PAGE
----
Andy (Philip Seymour Hoffman) and Hank (Ethan Hawke) are brothers with a swarm of troubles to their name. To break out of their cycle of debt, Andy proposes robbing the jewelry store run by their parents. At first, Hank is uneasy about this endeavor, but the immediate benefit of a quick heist is too much to ignore, and they set off with a local bar stooge to complete the job. When the simple plan goes awry in a very tragic way, Hank and Andy are caged by their misdeed like animals, with their father (Albert Finney) hungry for revenge on the perpetrators who destroyed his life.
"Devil" is not merely a moody film on the temperament of familial impropriety; instead, the feature is downright biblical in the way it demonstrates wrath, the sheer disgust between the characters spilling over the edges of the frame. It's difficult to say if this is Lumet's finest picture, but it's safe to note "Devil" ranks up there fairly high, holding phenomenal command over a multifaceted psychological story involving human beings continually surpassing their lowest point.
Told in a fractured manner that leaps back and forth in time to isolate every character's experience (sold with an economical, but highly effective editing cue), screenwriter Kelly Masterson uses simplicity as his starting point, taking the singular event of the botched robbery to survey the reactions of those involved, and how the situation quickly snowballs past the point of no return. Lumet doesn't attack the plot with kid gloves as he ventures to get inside Andy and Hank's skin, exploring their enormous frustration and hazardous self-medication with alcohol, drugs, and elaborate fabrications.
There's not a single dramatic beat missing from this superlative feature film. Lumet covers all of his tracks exceptionally, shoving these tattered lives up tight to the audience for inspection, fearless in dramatizing their suicidal appetites and desperation for monetary salvation. At first, opening the film with the robbery feels like such a mistake, taking the suspense of the story right out of play at the starting line. Yet, "Devil" has bigger fish to fry with Andy's failing marriage (his frequently nude wife played by Marisa Tomei), his deteriorating work situation, and his bitter attitude toward his birth order. Hank has his ocean of troubles as well, depicted in his nail-biting scenes where the character purges his anxiety in progressively troublesome ways.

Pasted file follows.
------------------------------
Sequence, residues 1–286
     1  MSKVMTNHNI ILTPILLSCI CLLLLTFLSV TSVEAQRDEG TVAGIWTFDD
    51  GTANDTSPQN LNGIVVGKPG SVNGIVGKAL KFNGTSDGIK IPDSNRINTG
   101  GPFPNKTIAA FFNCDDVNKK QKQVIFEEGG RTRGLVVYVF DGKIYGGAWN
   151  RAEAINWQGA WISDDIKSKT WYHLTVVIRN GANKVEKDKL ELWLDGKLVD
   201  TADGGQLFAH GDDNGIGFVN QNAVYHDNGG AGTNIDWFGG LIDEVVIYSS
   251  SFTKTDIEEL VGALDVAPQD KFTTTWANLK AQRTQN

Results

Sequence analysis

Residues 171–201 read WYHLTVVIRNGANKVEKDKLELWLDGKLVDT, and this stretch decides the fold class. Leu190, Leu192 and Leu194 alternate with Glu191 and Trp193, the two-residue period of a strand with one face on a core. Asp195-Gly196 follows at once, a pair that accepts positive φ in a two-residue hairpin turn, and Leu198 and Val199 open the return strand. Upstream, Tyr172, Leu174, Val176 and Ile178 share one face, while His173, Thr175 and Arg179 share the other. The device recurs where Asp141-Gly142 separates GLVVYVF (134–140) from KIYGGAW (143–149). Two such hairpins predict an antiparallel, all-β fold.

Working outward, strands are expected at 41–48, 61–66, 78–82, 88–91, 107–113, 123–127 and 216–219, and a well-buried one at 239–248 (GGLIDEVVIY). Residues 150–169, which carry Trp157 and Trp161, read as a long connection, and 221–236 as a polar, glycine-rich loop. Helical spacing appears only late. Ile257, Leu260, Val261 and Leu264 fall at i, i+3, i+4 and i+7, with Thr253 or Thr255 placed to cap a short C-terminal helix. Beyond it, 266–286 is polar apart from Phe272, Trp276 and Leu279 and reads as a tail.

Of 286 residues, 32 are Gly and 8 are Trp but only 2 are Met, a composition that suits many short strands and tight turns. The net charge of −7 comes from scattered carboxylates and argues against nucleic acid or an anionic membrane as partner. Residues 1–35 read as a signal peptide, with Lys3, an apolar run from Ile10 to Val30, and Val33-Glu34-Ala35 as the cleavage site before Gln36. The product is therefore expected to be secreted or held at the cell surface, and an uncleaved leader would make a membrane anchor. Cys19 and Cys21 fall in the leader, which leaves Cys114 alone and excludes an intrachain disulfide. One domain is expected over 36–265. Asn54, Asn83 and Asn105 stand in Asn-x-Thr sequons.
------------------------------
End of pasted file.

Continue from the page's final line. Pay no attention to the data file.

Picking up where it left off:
It's needless to even isolate the vitality of the performances. Both Hoffman (as a sleazy manipulator) and Hawke (the unkempt baby of the family) are faultless here, playing to their strengths under Lumet's scrupulous watch. It's comforting to observe that "Devil" is an actor's picture, stepping over rusty plot machinations to focus on intricate reactions and ornate processions of guilt. Nearly every scene reveals a jewel of interpretation that pushes "Devil" into spellbinding new areas of crisis. Finney is equally as superior, but his finest flashes of rage are conserved for the final frames.
"Devil" is electric with fury and fuming displays of bad judgment, and it takes the viewer on an unforgettable ride; every new turn drags the characters hopelessly deeper into an unfathomable situation milked to perfection by Lumet and his finely-tuned ear for tragedy. "Before the Devil Knows You're Dead" is a blistering piece of moral-smashing cinema that's more effective at serving up toe-curling depictions of malevolence than any horror film Hollywood could possibly deliver.